Ellen M. Gifford Sheltering Home for Cats: Cat Enrichment Grant Report
How did this grant help your organization and the pets in your care?
The money was used to purchase enrichment toys (wand toys with feathers or mice), food puzzles (Kong treat balls, slow feeders), tunnels for hiding/play, cardboard scratchers/loungers, cat grass and other items that encourage play and keep the cats engaged and happy.
The cost of operating a shelter sometimes means there is only enough money to spend on essential items. We rely on the kindness and generosity of donors, visitors to the shelter, volunteers and other supporters to make up the difference when it comes to non-essential items like the ones purchased with this grant. Receiving this pet-enrichment grant was crucial in making sure we could purchase items that would keep the cats healthy and encouraged them to interact with volunteers and visitors. Chasing a feather toy, hanging out in a tunnel or rolling a food ball around to get food or treats not only keeps cats happy, but shows potential adopters how they can expect the cat will be in their home (their level of energy). This makes it easier to match that cat with the right adopter, leading to quicker and better adoptions.
How many pets did this grant help?
We typically have a total of 40-50 kittens and cats in our care on a regular basis and this grant benefited all of them.
Please provide a story of one or more specific pets this grant helped.
Angel (first two photos) is 8 1/2 years old and has been at the shelter for six years. She was surrendered by an elderly gentleman who could not care for her any longer and is a bit of a loner. She lives in a part of the shelter where we house some of the quieter and under-socialized cats and generally gets along with the other cats in her room. She is not incredibly active, nor does she respond to treats or to play. She does sometimes like to bat a feather toy, but only when she feels like it!
The volunteers were stumped as to how to get her out into the room more and away from her comfy bed. When Gifford received the Cat Enrichment grant from the Petfinder Foundation, part of the money was used to purchase infinity scratcher lounges and cat-grass kits. Angel’s room has multiple cat-lounge areas with comfy blankets, which is where you would normally see Angel. We brought an infinity scratcher into the room and left for about five minutes and when we came back, Angel was happily scratching and then lounging on the scratcher, as if to say, “okay, this is mine now!”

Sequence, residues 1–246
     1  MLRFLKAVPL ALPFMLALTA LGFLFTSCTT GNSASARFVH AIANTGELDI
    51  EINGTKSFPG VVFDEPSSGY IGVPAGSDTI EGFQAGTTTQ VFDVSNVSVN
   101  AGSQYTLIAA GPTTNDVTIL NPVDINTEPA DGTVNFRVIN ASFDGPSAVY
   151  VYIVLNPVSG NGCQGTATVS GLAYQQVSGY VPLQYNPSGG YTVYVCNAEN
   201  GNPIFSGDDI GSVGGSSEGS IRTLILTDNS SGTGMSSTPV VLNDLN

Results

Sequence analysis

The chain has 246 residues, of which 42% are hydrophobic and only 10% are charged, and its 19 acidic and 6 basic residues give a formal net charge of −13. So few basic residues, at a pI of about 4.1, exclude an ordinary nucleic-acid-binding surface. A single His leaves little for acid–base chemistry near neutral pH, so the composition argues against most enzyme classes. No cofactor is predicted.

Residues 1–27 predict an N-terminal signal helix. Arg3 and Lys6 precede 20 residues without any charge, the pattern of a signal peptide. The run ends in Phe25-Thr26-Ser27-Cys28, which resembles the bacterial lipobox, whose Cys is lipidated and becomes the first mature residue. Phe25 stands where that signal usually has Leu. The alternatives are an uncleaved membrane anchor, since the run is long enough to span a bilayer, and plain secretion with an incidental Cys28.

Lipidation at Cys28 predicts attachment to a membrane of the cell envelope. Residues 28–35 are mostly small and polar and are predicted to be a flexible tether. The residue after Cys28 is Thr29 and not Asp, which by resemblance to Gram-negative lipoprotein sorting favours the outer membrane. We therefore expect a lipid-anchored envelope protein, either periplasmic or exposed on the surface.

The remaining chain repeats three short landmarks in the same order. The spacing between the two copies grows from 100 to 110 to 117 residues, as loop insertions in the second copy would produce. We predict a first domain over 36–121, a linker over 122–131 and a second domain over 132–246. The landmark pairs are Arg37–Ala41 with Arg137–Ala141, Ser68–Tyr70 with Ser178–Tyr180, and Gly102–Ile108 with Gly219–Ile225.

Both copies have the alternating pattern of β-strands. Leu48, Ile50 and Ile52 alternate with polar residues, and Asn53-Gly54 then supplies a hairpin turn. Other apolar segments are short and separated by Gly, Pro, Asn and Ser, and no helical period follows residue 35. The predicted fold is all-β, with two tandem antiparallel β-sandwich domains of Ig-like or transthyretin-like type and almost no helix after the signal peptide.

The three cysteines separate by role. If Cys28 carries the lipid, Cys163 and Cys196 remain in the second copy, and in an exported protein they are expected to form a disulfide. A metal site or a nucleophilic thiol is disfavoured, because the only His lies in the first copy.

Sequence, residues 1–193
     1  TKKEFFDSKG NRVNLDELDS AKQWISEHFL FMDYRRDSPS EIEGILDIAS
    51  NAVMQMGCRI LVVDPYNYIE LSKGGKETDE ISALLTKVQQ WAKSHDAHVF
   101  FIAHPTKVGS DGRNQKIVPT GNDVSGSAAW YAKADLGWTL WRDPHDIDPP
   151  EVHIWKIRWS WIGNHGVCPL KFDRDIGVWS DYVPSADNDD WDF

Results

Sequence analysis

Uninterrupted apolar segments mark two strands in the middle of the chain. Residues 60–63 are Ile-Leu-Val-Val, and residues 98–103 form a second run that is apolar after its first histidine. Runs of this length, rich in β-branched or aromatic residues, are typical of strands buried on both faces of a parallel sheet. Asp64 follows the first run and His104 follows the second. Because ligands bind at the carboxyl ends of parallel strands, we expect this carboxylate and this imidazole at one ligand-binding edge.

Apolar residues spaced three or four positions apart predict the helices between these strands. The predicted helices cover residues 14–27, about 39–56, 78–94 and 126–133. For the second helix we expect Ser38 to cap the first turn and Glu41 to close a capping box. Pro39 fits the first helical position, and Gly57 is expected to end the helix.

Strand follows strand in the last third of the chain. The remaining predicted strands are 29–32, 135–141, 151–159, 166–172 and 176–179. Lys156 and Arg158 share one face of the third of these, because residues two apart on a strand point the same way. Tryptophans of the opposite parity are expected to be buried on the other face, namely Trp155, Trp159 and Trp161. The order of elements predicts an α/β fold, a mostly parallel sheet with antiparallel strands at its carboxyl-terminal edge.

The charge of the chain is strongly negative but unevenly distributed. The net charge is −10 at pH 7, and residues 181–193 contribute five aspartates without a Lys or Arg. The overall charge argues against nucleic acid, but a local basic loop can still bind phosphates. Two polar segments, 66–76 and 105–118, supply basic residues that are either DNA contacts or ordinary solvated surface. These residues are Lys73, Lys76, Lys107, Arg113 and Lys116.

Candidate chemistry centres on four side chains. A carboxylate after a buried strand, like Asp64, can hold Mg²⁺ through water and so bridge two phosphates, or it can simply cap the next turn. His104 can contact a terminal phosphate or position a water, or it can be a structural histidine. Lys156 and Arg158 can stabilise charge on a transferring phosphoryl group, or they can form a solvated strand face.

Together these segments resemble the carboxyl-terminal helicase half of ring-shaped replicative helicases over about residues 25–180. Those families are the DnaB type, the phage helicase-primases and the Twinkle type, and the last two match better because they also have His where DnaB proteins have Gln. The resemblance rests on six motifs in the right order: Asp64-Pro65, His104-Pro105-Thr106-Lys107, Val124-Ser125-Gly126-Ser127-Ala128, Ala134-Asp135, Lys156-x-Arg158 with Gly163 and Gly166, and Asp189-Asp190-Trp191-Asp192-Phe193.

Later that month, we brought in some of the newly grown cat grass and, as expected, most of the other cats in the room came right up and started munching. We were surprised when Angel got down from her bed and started chomping on the grass (first photo). We had never tried this as a motivator to get her moving, but now use it on a regular basis to entice her away from her bed, and she seems to enjoy it! Now that we know we can attract her attention with the cat grass, we can work on getting her used to petting and attention from volunteers and visitors and eventually get her into a forever home. Meet her: www.petfinder.com/petdetail/31723851
Scotty (third and fourth photos) is 2 years old and is a volunteer favorite. He’s a gorgeous boy with unusual ears like a Scottish fold. He is sweet, but he has had some behavioral issues in his past and is easily overstimulated. He needs just the right amount of play before he reaches his limit and needs alone time to keep calm. Due to his occasional assertive behavior, he is housed in a separate enclosure in the shelter, but we wanted to make sure he got plenty of attention from volunteers and staff and wanted to find a way to learn to understand Scotty’s body language to be better able to recognize when he was at his limit. Using the enrichment items purchased with the grant, we have used toy wands to meet Scotty’s need for play and cat tunnels for him to hang out in when he has had enough play. They have allowed the shelter to demonstrate what a great cat he truly is and to better notice and understand his behavior so that we can find him the right forever home.